Journal of Clinical Oncology, ePublication, September 2016

Photodermatology, Photoimmunology, and Photomedicine, August 2014, issue 4, pages 212-219

Journal of the American Academy of Dermatology, May 2008, issue 5 supplemental, pages S149-154

https://www.aad.org/forms/policies/uploads/ps/ps-broad-spectrum%20protection%20of%20sunscreen%20products.pdf

http://www.aacr.org/Newsroom/Pages/News-Release-Detail.aspx?ItemID=857#.V9HN45grLcs

Why Fragrance is a Problem for Skin: Daily use of products that contain a high amount of fragrance, whether the fragrant ingredients are synthetic or natural, causes a chronic sensitizing reaction on skin.

This leads to all kinds of problems, including disruption of skin's healthy appearance, worsening dryness, redness, depletion of vital substances in skin's surface, and generally keeps skin from looking healthy, smooth, and hydrated. Fragrance free is always the best way to go for all skin types.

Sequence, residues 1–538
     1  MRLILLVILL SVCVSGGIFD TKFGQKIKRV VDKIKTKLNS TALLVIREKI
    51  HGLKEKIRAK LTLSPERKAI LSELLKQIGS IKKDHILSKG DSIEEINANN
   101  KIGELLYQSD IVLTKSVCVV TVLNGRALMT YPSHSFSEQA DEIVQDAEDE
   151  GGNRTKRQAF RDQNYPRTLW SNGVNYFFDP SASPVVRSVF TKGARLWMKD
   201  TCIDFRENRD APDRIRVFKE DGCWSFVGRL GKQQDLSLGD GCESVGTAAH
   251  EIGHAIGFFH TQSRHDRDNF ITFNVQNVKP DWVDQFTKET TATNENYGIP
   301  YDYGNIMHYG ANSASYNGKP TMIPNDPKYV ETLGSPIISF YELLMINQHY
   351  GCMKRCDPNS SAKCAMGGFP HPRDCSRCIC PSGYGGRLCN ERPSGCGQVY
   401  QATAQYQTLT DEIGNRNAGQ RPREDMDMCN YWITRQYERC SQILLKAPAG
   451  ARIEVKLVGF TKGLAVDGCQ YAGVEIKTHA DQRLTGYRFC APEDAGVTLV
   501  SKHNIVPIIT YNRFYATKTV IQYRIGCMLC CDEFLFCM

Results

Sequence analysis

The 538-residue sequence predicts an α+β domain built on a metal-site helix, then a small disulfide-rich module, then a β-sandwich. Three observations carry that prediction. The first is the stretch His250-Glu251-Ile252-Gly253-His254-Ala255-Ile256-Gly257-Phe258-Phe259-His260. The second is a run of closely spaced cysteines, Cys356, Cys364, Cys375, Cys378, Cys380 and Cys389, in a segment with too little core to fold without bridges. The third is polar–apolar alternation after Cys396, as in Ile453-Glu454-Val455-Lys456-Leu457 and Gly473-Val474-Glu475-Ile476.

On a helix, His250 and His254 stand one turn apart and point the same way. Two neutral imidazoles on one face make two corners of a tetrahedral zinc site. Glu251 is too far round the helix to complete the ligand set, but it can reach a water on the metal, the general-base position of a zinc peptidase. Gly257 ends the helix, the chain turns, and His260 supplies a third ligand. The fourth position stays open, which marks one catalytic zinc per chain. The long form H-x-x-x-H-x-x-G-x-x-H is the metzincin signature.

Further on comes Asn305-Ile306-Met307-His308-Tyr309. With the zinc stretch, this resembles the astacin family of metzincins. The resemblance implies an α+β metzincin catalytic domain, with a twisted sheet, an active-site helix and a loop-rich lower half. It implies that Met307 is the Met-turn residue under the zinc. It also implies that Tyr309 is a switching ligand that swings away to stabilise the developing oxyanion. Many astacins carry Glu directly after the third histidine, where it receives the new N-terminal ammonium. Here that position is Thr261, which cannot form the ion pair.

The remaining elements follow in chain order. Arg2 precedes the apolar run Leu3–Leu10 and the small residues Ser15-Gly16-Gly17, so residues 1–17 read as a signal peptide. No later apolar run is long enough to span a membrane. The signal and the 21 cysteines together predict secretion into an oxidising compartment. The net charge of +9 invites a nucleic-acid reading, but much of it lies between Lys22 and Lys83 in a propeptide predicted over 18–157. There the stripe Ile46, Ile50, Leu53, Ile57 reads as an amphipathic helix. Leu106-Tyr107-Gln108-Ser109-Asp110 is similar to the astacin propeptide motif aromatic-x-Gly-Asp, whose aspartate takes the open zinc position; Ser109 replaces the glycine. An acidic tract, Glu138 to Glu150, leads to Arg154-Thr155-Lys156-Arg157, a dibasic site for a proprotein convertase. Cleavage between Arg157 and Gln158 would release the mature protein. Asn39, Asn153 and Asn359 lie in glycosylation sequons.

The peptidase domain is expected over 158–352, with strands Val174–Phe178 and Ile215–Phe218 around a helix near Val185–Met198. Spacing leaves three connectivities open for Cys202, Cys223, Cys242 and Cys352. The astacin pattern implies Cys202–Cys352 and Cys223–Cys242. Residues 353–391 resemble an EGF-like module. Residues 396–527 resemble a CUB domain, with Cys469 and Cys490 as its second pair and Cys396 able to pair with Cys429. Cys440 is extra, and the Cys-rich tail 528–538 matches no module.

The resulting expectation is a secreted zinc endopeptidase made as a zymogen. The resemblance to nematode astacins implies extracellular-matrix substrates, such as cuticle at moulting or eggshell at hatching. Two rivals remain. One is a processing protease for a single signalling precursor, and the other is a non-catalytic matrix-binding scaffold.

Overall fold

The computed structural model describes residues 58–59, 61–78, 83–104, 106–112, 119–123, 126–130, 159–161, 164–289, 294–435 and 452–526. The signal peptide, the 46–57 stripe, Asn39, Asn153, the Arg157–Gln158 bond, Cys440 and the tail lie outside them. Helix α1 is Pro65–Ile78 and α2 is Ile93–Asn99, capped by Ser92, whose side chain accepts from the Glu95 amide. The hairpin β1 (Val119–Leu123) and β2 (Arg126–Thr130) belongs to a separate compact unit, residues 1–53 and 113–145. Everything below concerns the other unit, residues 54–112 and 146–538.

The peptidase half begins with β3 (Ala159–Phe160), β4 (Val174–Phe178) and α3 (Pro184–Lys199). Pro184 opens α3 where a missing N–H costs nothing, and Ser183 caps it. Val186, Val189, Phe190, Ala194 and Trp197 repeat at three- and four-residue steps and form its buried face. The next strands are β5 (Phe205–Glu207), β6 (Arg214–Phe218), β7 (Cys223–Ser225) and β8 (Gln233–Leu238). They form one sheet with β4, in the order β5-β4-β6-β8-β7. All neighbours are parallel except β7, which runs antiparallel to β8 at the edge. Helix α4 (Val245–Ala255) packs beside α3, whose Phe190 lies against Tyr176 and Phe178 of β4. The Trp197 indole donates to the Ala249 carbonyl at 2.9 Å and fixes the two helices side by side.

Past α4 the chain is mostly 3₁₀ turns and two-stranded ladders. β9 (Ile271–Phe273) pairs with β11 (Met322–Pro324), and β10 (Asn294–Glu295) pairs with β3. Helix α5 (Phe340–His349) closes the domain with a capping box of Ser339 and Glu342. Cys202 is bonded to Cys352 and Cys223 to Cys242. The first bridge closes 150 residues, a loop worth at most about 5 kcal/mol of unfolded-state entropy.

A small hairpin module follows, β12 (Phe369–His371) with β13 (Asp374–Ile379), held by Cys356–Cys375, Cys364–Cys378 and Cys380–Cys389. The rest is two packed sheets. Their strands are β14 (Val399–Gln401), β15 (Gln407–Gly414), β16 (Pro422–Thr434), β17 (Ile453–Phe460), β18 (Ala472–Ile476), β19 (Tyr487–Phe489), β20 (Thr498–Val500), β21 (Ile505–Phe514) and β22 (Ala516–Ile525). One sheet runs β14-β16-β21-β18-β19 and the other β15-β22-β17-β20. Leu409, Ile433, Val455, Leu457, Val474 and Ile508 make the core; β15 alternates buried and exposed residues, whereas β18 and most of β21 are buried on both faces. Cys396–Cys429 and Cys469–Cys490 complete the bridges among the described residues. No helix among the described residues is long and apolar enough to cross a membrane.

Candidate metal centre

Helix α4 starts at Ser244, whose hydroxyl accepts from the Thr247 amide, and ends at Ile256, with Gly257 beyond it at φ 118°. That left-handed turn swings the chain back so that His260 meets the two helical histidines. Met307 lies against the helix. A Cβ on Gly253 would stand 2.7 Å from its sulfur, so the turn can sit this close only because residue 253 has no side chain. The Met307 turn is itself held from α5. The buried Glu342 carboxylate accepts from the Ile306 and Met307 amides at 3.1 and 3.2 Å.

A surprising fact: Even though you can't always see the negative influence of using products that contain fragrance has on skin, the damage will still be taking place even if it's not evident on the surface. Research has demonstrated that you don't always need to see or feel the effects on your skin for your skin to be suffering. This negative impact and the visible damage may not become apparent for a long time.

References for this information

Biochimica and Biophysica Acta, May 2012, pages 1,410-1,419

Aging, March 2012, pages 166-175

Chemical Immunology and Allergy, March 2012, pages 77-80